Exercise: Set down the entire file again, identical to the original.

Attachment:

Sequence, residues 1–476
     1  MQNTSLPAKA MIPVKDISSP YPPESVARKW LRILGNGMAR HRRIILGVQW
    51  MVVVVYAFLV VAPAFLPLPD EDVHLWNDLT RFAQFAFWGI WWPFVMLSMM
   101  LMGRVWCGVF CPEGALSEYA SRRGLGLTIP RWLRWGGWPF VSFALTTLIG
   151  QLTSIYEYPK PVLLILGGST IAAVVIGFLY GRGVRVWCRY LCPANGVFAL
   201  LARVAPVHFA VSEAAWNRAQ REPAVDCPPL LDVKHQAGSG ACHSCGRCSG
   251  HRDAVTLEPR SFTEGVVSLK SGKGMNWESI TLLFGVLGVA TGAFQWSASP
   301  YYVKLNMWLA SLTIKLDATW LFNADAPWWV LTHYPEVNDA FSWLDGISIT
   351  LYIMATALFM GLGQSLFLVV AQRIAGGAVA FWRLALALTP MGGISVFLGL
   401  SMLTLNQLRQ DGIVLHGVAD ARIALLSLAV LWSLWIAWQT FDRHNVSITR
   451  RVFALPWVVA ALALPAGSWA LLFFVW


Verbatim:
Sequence, residues 1–476
     1  MQNTSLPAKA MIPVKDISSP YPPESVARKW LRILGNGMAR HRRIILGVQW
    51  MVVVVYAFLV VAPAFLPLPD EDVHLWNDLT RFAQFAFWGI WWPFVMLSMM
   101  LMGRVWCGVF CPEGALSEYA SRRGLGLTIP RWLRWGGWPF VSFALTTLIG
   151  QLTSIYEYPK PVLLILGGST IAAVVIGFLY GRGVRVWCRY LCPANGVFAL
   201  LARVAPVHFA VSEAAWNRAQ REPAVDCPPL LDVKHQAGSG ACHSCGRCSG
   251  HRDAVTLEPR SFTEGVVSLK SGKGMNWESI TLLFGVLGVA TGAFQWSASP
   301  YYVKLNMWLA SLTIKLDATW LFNADAPWWV LTHYPEVNDA FSWLDGISIT
   351  LYIMATALFM GLGQSLFLVV AQRIAGGAVA FWRLALALTP MGGISVFLGL
   401  SMLTLNQLRQ DGIVLHGVAD ARIALLSLAV LWSLWIAWQT FDRHNVSITR
   451  RVFALPWVVA ALALPAGSWA LLFFVW